Check out this epic Yamaha SR400 Bobber that I was so excited to work on that ended up a sad story I never got to finish.

Creating something different is a hard task with a donor bike as prolific as the SR500 or SR400 Bobber. So when the project rolled into our workshop I was excited for the direction it would take. An SR400 Bobber, slammed on its ass, with a low line silhouette. FUN! 

As things progressed and COVID started to wreak havoc on our industries supply chain things took a sour turn for this project. Our client became impatient, and frustrated. My hands were tied. I had to let this one go unfinished. 

You’ll hear quite often from people lucky enough to have their passion transform into their job, it’s not always easy. A good mate of mine Matt said to me once “There’s nothing worse than one day waking up and realising something you used to love, has become something you hate because of money.” Having been there before I knew he had some perspective on things like this. So when I felt the enjoyment slipping out of this process I decided to cut it loose. With this bike, the juice wasn’t worth the squeeze.

What I can share with you is all the work we did complete on it, shaping it into the sleek and brutal bobber it has become. What I can’t say is how it rode, because we didn’t get that far, so let’s dive in!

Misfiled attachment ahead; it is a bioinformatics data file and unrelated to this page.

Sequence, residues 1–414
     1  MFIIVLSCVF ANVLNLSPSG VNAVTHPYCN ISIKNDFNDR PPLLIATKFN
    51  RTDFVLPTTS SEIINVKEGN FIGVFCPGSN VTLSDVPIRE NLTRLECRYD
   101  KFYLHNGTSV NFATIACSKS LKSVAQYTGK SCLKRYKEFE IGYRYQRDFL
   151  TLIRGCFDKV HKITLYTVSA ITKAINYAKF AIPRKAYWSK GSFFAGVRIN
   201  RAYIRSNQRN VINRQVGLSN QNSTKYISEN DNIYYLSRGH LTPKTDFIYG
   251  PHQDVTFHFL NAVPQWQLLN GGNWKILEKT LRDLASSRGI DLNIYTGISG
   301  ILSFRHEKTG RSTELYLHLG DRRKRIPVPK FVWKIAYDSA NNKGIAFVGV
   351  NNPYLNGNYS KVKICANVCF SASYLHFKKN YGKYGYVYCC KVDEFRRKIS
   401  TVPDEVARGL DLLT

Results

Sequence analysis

Up to the point we received the SR400 it had a few mods done, including a frame chop and an old tank fitted. This started to set the tone. The SR400 was slammed on the rear with a set of shorty shocks, had a 535 big bore kit and a Mikuni Pumper carb fitted up. 

Fabricating the rear brake light and fender mount was our first job. Done in stainless steel round-bar with a side mounted plate and brake light. The seamless LED Orbit brake light mount was made from a solid bar, reamed out to allow a cable passage then heated and shaped into the flowing shape you see fixed on the rear of the Yamaha bobber. 

The previous frame mod had not allowed any wheel travel on the rear so a few modifications were made to make sure the small amount of rear suspension travel left was allowed to move freely. With that came a small electrics tray that houses the Electronic brains and switches to keep the handlebars  clean. Last piece was a set of hollow tip LED turn signals mounted on the shock brackets. Our PBM LED’s aren’t the smallest thing on the market, but they look great, so why hide them? That  opened the gate for the seat to be finished off.